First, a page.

Is The USPS Helping Identity Theft Criminals Steal Your Identity?

What You Need to Know About USPS and Identity Theft

You'd like to think that the government works for us, not against us - especially when it comes to identity theft. It seems, however, that the United States Postal Service has actually helped identity theft criminals in some instances. If you want to make sure the USPS doesn't help steal your identity, here are some things you need to know...

One Woman's Nightmare

One day a 56-year-old woman from New York received a change of address confirmation in her mailbox. Apparently, her mail had been being forwarded to another address for a few weeks. The problem was, she never requested the change. An identity theft criminal did.

In the weeks it took her to catch on to the fact, someone had racked up thousands of dollars of debt in her name. How did it happen? The criminal filled out a change of address form, forwarding this woman's mail to the criminal's address and no one was the wiser. Apparently, the post office doesn't require any ID when this form is filled out. Technically, you could run to the post office and have your neighbor's mail forwarded to your home and no one would check your story.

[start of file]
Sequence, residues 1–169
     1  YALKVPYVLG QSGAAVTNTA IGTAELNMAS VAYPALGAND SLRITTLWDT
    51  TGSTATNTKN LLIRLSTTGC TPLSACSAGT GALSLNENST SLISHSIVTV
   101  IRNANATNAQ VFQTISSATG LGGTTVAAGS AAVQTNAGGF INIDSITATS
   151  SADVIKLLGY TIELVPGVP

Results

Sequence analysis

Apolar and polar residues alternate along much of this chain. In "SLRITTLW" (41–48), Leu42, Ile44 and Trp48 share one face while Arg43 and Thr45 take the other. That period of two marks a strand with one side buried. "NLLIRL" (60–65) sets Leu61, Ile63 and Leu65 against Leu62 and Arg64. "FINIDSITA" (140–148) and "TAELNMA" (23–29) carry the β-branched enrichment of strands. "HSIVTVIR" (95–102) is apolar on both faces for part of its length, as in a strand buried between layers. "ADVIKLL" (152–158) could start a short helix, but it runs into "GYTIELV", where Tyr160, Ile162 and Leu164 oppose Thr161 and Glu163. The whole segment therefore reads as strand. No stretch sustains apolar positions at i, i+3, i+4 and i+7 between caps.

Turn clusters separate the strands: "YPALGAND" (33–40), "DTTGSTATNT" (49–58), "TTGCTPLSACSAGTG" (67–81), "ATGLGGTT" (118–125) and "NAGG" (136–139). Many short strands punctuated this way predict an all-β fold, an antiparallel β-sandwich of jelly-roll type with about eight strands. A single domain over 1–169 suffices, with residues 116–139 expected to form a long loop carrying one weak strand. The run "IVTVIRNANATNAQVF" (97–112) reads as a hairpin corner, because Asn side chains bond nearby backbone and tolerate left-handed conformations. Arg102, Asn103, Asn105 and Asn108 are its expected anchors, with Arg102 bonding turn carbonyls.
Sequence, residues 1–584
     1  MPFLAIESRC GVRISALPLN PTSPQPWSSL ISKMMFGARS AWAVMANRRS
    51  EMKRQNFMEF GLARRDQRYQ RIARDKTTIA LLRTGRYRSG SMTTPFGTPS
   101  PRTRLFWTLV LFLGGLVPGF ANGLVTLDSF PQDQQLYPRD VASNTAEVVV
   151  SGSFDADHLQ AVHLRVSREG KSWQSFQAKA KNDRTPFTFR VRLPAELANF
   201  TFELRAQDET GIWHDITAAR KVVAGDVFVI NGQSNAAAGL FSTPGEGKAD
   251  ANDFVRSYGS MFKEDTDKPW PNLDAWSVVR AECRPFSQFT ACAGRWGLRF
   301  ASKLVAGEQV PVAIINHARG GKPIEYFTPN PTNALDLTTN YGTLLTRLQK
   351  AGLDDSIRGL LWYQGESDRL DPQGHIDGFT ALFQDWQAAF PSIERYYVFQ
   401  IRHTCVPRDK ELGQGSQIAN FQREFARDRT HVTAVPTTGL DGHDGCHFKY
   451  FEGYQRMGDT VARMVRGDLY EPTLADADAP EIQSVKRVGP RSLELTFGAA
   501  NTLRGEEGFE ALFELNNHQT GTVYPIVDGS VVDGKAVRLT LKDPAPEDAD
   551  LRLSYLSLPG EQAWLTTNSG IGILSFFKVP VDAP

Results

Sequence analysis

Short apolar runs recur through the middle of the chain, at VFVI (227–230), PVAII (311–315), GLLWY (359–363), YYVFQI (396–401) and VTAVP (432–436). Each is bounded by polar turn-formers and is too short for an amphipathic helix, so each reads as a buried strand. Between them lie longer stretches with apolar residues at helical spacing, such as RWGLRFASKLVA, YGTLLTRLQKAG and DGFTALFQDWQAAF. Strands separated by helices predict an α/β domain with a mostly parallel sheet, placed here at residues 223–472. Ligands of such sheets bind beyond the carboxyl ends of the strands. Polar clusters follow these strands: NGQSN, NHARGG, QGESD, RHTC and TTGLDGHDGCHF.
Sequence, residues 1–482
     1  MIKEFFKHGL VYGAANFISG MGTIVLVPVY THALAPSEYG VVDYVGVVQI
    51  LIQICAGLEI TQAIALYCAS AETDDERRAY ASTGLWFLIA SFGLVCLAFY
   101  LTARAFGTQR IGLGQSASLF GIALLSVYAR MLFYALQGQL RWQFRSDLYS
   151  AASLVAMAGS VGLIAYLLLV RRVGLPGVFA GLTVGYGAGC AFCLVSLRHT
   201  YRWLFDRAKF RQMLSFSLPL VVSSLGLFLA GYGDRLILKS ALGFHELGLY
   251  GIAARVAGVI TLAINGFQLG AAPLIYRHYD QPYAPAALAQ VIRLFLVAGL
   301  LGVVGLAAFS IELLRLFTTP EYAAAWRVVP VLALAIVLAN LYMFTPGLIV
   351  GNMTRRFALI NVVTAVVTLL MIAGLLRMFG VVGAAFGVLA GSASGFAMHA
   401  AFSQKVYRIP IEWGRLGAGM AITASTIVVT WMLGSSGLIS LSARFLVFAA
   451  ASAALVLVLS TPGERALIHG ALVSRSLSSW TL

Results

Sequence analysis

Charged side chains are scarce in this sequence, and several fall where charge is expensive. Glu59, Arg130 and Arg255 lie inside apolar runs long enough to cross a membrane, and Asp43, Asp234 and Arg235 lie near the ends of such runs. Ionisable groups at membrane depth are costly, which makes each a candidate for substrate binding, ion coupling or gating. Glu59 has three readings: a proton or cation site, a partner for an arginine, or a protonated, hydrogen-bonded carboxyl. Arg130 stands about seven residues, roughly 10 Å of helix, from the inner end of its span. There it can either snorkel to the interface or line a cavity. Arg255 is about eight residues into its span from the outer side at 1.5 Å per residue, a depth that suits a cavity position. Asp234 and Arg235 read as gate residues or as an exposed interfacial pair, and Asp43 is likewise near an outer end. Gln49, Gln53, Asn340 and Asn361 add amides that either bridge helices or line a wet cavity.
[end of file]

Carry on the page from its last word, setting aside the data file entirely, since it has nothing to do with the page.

What You Need to Do

If you notice your mail isn't arriving like it should be, contact your post office. Don't assume that a week of nothing but junk mail is normal. Your real mail might be in the hands of a low-life jerk. That means your bank statements, credit card statements and new credit card accounts are all in the wrong hands. If you go two or three days without the normal volume of mail, contact the post office and ask them to look into it. It's better to be safe than sorry when it comes to identity theft.

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